The Neighborhood Crew
Author: Emily Long, Mt. Adams Resource Stewards
The natural and economic history of south central Washington is as colorful, thought-provoking, and emotion-inducing as many other places throughout the west. Regardless of the lens you look through, it is a different place today compared to what it used to be. While communities have expanded and decreased in population and economic staples have varied over the years, some things never change: the demand for local jobs with a feedback loop that provides a level of financial stability for the geographic “neighborhood” south of Mt. Adams from Stevenson to Goldendale and just across the Columbia River in Oregon.
Hometown pride inspires many who find themselves living and playing under the peaks of the Cascades. In Mt. Adams country, it is apparent in every conversation if you listen long enough. What is also apparent is a need that Mt. Adams Resource Stewards (MARS) hopes to fulfill – providing a field crew to support the organization’s mission, help partners reach their goals, and assist land owners in managing their natural resources with multiple interests in mind.
Inspiration for the crew came from the community. Between a diverse group of partners from federal to nonprofit and engaged private landowners with ample acreage broaching the topic with MARS, it seemed there was no better time than the present to pull something together. The cross-trained team will be skilled in areas such as fuels management practices like pre-commercial thinning and prescribed burning, restoration techniques like planting and invasive weed eradication, and infrastructure support with wildlife friendly fences. It is a hope to not only have the crew staff be red carded for prescribed burning purposes, but to also provide support to the local fire districts, as well as state and federal entities when incidents occur in the area around the south Mt. Adams landscape.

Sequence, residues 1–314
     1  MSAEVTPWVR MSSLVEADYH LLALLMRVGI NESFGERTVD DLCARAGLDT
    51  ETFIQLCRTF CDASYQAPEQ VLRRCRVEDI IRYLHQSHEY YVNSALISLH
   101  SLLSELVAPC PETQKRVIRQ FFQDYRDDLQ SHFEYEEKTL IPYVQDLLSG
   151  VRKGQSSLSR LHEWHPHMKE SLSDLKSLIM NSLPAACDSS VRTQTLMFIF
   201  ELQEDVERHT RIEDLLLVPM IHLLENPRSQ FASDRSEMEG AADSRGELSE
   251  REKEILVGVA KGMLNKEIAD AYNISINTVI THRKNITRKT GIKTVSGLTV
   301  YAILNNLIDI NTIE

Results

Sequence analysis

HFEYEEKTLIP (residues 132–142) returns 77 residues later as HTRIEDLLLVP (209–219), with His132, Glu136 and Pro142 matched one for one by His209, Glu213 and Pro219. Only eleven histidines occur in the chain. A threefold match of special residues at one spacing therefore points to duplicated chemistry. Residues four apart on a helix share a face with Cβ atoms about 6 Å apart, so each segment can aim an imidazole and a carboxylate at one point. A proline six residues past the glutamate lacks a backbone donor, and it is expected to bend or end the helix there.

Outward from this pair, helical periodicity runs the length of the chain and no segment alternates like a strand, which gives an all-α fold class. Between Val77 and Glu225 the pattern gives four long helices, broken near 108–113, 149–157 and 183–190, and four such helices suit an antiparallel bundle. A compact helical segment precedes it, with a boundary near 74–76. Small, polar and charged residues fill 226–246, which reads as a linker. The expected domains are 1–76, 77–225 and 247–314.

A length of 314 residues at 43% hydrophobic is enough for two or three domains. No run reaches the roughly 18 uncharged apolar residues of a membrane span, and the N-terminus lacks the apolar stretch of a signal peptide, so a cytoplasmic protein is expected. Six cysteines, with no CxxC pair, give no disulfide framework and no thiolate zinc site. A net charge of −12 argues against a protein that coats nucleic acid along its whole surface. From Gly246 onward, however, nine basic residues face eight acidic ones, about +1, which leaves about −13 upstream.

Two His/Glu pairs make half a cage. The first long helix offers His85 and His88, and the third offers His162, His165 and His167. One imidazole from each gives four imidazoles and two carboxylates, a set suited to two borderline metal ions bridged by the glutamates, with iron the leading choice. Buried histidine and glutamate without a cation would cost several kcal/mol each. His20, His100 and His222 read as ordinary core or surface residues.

There have been similar crews over the decades, but changing cultures and economic structures dismantled them. Since then, there are still like-crews available, but they often come from hours away and have larger hurdles to overcome because of it. There are more local options, Washington Youth Conservation Corps or inmate crews, that benefits multiple arenas as well. However, they are often restricted to lighter projects that do not require power tools or certain skills needed for larger projects and have limited working knowledge of key factors like terrain, climate, vegetation, access, and more. With this Stewardship Crew working under MARS, a goal is to have the MARS crew enhance the portfolio of options available to land owners in order to better manage the landscape.
MARS aims to promote sustainable connections between the land and local communities. With the help of its Stewardship Crew, a collaborative effort within the Mt. Adams neighborhood to care for the landscape and all that are in it will be more easily achieved. Your “neighborhood” is a community like your extended family. The south central portion of Mt. Adams country is where MARS feels connected with the land and the people. Where is your “neighborhood”?